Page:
The right man to rebuild Liverpool? Meet new sporting director Jorg Schmadtke
It is fair to say that of all the names linked with the sporting director’s job at Liverpool in recent months, Jorg Schmadtke came as something of a surprise. He wasn’t an obvious candidate, or a well-touted one, that’s for sure.
The 59-year-old, though, has been installed as Julian Ward’s successor at Anfield following an announcement on Tuesday. He has signed a short-term deal, which will begin when the summer transfer window opens in June.
There will be an option to extend it should both parties wish to, and Schmadtke can expect to be busy straight away as Liverpool look to strengthen their squad significantly in the coming weeks. The likes of Alexis Mac Allister, Mason Mount and Ryan Gravenberch are all on the club’s list of targets, with work already well advanced in terms of lining up summer deals.
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Where has Schmadtke worked previously?
Schmadtke brings with him a wealth of experience from Germany, having previously worked at Alemannia Aachen, Hannover 96, FC Koln and, most recently, as director of sport at Wolfsburg.
A former goalkeeper, who played for the likes of Fortuna Dusseldorf and Freiburg, he is known as a charismatic and confrontational character in his homeland, and one who has generally been successful at executive level.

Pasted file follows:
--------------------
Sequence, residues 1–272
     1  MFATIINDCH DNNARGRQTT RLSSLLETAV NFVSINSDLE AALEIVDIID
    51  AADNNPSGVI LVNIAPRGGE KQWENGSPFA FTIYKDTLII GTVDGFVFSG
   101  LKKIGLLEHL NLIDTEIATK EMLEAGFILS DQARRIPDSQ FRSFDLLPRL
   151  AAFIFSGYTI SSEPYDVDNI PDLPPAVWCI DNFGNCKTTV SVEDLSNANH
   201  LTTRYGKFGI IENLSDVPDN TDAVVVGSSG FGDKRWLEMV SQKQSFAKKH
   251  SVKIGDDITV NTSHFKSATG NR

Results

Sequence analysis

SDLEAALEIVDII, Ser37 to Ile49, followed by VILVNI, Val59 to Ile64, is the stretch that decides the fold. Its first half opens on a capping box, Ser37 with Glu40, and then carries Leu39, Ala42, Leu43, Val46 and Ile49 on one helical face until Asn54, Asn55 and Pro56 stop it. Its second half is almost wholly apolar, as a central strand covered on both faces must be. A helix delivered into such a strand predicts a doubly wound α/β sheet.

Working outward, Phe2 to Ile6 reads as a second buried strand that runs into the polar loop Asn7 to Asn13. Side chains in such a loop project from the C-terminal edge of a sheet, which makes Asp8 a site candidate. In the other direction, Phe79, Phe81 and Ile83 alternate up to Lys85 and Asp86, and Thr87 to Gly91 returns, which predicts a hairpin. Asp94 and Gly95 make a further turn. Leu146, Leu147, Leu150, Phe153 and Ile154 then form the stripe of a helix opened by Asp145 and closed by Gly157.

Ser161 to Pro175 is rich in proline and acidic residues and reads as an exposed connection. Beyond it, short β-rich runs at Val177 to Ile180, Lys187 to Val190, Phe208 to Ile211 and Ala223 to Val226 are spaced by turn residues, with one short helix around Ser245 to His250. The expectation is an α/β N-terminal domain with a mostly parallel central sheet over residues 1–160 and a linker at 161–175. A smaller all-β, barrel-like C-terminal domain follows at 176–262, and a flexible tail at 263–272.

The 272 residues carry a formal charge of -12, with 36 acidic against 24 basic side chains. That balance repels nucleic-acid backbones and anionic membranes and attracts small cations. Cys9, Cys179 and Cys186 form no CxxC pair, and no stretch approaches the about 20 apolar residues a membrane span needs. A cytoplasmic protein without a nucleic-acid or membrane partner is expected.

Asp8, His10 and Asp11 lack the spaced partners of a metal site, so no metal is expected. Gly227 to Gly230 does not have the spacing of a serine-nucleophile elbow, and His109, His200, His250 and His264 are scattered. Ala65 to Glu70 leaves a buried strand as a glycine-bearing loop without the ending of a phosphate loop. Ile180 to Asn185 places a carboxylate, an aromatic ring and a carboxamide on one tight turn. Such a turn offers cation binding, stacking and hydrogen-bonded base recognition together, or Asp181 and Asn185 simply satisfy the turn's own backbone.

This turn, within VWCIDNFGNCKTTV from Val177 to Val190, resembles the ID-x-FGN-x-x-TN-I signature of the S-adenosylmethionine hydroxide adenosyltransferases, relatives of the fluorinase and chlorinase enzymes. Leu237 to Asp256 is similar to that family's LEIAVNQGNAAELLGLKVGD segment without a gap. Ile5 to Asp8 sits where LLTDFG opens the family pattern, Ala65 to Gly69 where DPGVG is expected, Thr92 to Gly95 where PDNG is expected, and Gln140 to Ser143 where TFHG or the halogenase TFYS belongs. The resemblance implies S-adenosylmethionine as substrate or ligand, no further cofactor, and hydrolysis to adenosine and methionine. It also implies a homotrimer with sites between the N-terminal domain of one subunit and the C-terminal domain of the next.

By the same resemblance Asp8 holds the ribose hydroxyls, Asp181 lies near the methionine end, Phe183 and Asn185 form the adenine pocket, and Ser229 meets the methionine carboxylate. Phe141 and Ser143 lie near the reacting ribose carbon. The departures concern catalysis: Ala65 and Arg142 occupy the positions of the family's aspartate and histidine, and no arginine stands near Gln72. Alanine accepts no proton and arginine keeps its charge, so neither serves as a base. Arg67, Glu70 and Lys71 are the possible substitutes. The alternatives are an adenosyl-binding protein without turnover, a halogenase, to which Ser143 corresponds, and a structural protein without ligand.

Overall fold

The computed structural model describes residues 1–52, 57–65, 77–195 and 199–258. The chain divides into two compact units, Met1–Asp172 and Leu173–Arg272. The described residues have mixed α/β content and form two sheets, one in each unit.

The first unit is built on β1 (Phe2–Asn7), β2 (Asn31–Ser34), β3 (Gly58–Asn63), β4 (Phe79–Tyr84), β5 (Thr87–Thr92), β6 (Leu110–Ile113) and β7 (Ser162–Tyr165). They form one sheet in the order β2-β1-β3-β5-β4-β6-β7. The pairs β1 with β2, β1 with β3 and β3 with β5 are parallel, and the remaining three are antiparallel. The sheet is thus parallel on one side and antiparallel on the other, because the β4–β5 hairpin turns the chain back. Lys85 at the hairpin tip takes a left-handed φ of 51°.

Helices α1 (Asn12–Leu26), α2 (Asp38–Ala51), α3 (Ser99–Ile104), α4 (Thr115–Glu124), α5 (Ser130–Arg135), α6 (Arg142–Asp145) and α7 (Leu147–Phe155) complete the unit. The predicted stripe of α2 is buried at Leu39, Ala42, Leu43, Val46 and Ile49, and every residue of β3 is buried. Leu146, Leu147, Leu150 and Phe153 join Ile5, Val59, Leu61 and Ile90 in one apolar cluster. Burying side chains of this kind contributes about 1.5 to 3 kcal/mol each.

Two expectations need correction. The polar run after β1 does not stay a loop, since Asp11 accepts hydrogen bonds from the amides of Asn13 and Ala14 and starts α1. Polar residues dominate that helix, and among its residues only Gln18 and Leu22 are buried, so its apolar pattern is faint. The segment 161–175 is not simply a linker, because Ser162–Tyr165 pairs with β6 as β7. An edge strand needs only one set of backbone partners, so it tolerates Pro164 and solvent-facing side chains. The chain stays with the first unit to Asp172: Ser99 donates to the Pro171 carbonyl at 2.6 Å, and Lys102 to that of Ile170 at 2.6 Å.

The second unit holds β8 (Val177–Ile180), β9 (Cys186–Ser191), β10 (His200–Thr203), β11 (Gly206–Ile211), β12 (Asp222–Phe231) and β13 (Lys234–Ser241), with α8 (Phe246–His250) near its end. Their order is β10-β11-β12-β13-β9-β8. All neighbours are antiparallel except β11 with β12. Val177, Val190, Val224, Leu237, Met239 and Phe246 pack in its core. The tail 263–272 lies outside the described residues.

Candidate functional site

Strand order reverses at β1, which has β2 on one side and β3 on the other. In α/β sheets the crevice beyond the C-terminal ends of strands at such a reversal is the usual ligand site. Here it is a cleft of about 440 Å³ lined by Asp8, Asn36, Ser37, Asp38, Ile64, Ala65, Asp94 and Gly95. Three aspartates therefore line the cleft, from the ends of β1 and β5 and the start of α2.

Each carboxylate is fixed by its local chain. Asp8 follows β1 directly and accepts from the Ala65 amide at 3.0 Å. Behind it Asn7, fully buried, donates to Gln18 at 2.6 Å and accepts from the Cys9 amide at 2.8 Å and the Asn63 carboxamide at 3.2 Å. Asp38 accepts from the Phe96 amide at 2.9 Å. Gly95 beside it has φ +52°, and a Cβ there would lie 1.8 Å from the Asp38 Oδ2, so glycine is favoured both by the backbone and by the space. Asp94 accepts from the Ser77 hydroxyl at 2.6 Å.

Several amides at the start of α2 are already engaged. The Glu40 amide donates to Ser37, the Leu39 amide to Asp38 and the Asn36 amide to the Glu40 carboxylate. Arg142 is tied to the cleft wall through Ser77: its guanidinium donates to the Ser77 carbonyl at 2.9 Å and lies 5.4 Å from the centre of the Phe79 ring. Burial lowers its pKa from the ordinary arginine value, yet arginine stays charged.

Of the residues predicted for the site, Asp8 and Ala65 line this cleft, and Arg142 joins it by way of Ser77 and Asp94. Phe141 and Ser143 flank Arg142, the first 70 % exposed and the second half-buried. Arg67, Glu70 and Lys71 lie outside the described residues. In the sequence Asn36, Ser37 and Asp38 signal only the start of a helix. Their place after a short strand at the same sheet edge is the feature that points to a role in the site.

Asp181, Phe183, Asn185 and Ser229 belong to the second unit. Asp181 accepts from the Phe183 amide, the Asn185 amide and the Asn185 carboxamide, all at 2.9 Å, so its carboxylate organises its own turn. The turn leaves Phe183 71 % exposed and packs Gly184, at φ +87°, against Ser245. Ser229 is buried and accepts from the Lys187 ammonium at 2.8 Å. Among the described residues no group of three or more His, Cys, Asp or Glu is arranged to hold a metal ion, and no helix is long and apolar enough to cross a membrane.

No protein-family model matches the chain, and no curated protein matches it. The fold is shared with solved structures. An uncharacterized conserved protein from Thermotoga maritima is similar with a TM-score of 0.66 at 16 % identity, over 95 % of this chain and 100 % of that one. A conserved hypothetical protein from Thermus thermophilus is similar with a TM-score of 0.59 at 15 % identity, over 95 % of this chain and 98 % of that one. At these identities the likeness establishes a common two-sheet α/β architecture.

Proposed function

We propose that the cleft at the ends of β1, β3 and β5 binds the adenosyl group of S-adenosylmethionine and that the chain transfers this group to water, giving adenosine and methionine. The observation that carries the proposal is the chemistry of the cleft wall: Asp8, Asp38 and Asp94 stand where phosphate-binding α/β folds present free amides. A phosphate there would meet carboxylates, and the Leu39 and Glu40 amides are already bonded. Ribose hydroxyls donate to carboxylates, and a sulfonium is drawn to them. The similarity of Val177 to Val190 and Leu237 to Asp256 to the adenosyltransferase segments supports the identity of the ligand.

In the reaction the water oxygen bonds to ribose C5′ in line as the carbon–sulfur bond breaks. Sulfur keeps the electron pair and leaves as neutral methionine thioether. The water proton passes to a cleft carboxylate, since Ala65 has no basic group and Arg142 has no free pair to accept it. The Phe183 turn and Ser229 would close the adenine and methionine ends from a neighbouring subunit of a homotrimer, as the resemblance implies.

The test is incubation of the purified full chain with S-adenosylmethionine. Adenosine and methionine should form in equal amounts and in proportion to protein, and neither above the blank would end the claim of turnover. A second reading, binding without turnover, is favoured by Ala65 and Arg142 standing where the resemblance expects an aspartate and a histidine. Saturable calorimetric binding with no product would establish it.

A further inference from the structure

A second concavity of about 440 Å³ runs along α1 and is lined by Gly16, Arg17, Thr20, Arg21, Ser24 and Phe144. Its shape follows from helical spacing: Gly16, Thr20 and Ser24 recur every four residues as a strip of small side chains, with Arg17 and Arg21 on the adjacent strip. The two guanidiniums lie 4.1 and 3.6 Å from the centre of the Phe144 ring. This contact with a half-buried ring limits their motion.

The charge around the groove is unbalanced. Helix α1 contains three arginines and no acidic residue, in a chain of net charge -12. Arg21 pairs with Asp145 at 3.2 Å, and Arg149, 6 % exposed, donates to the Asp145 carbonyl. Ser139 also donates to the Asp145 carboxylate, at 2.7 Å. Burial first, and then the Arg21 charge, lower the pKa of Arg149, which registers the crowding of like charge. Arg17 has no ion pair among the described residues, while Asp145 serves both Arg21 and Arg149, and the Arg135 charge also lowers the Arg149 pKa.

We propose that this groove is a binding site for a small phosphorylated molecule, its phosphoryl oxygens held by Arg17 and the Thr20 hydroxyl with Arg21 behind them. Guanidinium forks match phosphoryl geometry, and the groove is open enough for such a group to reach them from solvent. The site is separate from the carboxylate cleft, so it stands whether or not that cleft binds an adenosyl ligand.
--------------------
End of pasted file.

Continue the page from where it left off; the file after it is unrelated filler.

At Aachen, he earned promotion to the Bundesliga, reached the German Cup final and qualified for Europe, and he helped take both Hannover and Koln into the Europa League too. At Wolfsburg, he secured Champions League qualification for the 2021-22 season before stepping down in January of this year.
“I want to see a bit of the world,” Schmadtke said in an interview with Suddeutsche Zeitung at the time. “There are also a few books that I want to read, and I have some other tasks in my life that have nothing to do with football.”
Presumably, a few months on, he has completed those tasks...
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What is Schmadtke's transfer record like?
Schmadtke’s tactic, according to a recent article in The Athletic, was “to make fewer mistakes than others” in terms of buying players and appointing coaches, and while his list of transfer hits does not contain too many household names, it is clear that he is able to spot a player that can make an impact.
At Hannover, for example, he recruited Lars Stindl from 2.Bundesliga side Karlsruher. The attacking midfielder would go on to make 150 appearances for the club before establishing himself as a star at Borussia Moenchengladbach.
At Aachen, he signed the likes of Simon Rolfes and Vedad Ibisevic, who would go onto become household Bundesliga names, while he brought Anthony Modeste to Koln in 2015, the French striker paying him back by scoring 45 goals across the next two seasons.